Drone technology will power the Gulf’s fourth industrial revolution
Once a gimmick in futuristic novels, drones now have the potential to transform the world we live in
Drones will be an essential tool for multiple industries
Unmanned aerial vehicles – better known as drones – have been around for decades. However, it is only in recent times that they have begun to revolutionize sectors such as agriculture and logistics.
The technology’s potential is clear: the global market is projected to reach $58.4 billion by 2026.
In the GCC, the market is expected to reach $1.86 billion. This trend is being fuelled by both private use and applications within business and industry.
Drone technology is also becoming increasingly accessible and affordable.
As the GCC countries begin to realise the operational and economic advantages of drones, these flying robots will complement the digital transformation of industrial processes through data capture and automation.
In the fourth industrial revolution – Industry 4.0 – drones and related technologies, including AI and machine learning, will boost productivity and reduce costs.
Drone-based technologies are expected to cement the Gulf’s leading status in energy and power, utilities, real estate, telecoms, agriculture, transport, logistics, and manufacturing.
They can support world-class innovation by supercharging industry operations. Early adopters of drone technology are set to reap the most benefit and value.
See, sense, move, transform
A paper for the Journal of Manufacturing Technology divided drone capability into four categories: see, sense, move and transform.
Drones are powerful data capture tools equipped with many sensors to expand their processes. These can include high-resolution cameras, laser scanners, electromagnetic energy sensors and other devices.
Drones allow commercial operations to gather and collect large volumes of data safely, quickly and accurately.
The robots have no physical limits, so they offer a flexible and innovative platform to share real-time insights to help businesses reap the benefits.
They can also be deployed quickly with minimal operating costs. What’s more, they can run 24/7 and are extremely easy to use, so they have a tangible return on investment.
Drones can improve the safety of workers in high-risk or remote construction environments. Robot surveys can be conducted over tall buildings to complete inspections, removing the need for risky human surveys.
Drones can also ensure safety compliance, assist with predictive maintenance or evaluate work status.
According to Falcon Eye Drones, one of the region’s leading suppliers, increasing numbers of construction companies are utilising drone technology. It offers drone-powered solutions, from 3D drone mapping to progress monitoring and drone surveying.
Drones are increasingly used in oil and gas sites such as deep offshore rigs for remote monitoring and surveillance.
Cameras and thermal imagers can detect flaws or defects in pipelines, storage tanks, or marine vessels.
Drones can provide real-time imagery and video analysis in emergencies, such as fires, gas leaks or oil spills. They can cover the ground quickly and prevent disaster.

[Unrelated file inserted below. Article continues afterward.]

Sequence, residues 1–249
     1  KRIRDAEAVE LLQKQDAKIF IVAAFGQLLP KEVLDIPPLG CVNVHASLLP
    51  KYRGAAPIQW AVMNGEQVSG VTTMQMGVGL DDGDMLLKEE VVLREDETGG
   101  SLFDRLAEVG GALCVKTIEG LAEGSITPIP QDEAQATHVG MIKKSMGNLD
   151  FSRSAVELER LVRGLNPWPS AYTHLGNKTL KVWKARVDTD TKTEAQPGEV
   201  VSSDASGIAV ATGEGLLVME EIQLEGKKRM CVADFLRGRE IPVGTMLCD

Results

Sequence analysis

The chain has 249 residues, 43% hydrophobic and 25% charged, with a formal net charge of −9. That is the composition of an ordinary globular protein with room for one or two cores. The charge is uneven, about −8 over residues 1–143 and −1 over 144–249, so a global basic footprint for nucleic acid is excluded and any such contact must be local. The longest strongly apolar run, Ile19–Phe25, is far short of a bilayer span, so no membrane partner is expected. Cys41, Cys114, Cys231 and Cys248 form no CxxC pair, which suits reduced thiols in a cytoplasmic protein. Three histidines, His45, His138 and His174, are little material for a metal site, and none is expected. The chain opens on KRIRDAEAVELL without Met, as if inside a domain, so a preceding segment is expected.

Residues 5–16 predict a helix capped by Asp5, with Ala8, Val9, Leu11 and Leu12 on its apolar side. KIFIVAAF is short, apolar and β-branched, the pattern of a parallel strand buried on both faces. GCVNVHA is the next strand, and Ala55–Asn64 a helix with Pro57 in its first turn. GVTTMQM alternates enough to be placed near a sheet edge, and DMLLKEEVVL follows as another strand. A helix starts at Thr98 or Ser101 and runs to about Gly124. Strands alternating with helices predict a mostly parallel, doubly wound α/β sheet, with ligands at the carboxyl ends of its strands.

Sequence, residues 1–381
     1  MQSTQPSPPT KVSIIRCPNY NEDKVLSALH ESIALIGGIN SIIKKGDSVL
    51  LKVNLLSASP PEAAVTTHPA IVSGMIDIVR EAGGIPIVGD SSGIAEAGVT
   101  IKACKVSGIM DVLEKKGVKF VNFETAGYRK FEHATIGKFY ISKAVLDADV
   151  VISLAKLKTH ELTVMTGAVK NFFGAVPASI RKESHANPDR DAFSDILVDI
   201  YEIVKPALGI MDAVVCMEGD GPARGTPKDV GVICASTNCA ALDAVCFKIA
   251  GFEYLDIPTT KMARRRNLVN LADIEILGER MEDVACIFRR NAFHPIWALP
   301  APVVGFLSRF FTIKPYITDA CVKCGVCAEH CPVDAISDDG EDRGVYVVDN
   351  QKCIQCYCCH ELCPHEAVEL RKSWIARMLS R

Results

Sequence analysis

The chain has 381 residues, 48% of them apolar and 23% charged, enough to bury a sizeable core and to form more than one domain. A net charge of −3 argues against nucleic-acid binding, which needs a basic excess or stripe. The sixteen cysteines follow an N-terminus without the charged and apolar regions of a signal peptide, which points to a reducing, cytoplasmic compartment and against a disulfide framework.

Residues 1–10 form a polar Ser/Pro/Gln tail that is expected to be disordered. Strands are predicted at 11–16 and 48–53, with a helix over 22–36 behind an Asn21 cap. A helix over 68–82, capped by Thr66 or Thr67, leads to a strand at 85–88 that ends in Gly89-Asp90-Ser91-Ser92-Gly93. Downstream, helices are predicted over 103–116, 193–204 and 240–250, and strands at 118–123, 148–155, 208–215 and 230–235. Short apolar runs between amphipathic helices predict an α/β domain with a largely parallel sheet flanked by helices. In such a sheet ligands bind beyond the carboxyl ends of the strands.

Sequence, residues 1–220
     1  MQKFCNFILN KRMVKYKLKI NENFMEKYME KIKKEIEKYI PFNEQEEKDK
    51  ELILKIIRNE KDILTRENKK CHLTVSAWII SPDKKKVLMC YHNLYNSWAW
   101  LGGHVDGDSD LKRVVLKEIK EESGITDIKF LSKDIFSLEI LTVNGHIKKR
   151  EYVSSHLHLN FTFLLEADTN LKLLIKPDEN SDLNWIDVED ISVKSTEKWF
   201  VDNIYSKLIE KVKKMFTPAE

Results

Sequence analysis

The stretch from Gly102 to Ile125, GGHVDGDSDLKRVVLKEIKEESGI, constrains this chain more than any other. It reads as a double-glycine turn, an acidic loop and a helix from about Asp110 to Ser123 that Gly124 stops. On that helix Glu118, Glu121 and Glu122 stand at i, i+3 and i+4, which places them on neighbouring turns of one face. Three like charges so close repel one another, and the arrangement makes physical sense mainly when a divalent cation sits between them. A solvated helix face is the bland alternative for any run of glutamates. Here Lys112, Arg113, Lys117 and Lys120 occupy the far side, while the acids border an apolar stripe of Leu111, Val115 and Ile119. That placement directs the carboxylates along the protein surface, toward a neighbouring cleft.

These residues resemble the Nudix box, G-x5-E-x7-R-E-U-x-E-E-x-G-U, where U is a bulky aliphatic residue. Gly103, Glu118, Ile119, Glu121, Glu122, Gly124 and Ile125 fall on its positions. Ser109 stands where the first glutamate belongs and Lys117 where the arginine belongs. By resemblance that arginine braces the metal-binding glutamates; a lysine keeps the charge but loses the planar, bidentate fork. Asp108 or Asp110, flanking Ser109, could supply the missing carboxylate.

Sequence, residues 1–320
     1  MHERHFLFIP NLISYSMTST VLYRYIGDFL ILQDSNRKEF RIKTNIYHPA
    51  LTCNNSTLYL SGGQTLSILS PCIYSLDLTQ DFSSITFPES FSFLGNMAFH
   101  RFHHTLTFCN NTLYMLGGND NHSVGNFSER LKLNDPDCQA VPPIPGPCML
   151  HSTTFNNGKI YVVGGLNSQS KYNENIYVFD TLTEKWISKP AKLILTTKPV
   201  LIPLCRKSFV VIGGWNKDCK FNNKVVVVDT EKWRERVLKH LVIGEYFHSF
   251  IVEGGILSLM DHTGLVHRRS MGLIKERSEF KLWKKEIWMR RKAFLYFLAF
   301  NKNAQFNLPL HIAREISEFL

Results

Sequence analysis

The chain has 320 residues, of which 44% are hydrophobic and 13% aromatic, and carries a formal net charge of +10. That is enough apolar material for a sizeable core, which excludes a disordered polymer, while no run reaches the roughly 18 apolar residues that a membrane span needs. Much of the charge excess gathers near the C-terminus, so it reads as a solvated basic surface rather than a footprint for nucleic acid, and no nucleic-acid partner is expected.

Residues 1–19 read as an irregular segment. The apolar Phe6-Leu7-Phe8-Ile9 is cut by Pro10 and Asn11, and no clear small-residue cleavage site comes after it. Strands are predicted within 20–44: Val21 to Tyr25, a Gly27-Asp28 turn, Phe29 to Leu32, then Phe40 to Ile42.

In agriculture, drones can alert farmers to issues with their crops, empowering them to make faster and better-informed decisions.
Crops require specific soil conditions to flourish and collecting information allows farmers to make precise and timely adjustments to optimise growth. For example, drones can fertilise or spray crop fields with weed control on an automated basis to increase overall efficiency or increase yield rates.
They can also produce maps to help with nitrogen level management and seed planting design.
Drones can also be used as observation tools on a large scale. A Stockholm-based company, GLOBHE, collects drone data from 108 drone operators to help businesses, researchers and organisations make intelligent decisions.
Through a network of local drone operators and using the captured imagery and AI, they can detect global health outbreaks. To date, this technology has reduced the risk of malaria for 1.9 million people and the risk of water pollution for 2.3 million people.
Across many sectors drones offer a surveillance tool to monitor activities on exit points or maintain an overview of assets.
Any suspicious object or person will be recognised to facilitate real-time decision-making. Firnas Aero is just one of the startups offering surveillance via aerial vehicles, alongside other drone technology solutions.
Drone technology will be central to Industry 4.0 and automation. As this unfolds before us, drones will significantly contribute to the optimisation of workflows.
Data capture now happens at a fraction of the normal time. When drone technology is integrated with AI and machine learning, it could potentially automate the entire process from capturing the data to analysing it and making the right decisions across various sectors and uses.
Smart drones have almost human-like problem-solving abilities. These flying robots have the potential to recognise, analyse and act on the information they receive. As these technologies develop, drones will become central to business processes.
The key to success is integrating the data into existing workflows to optimise operational efficiency and exploit the potential of drone technology.
With the right technology and coding, businesses could be at the forefront of progress. Whether it is saving money, or improving efficiency or safety, the benefits are here to stay.
Alex Cresniov is director of Deep Knowledge Analytics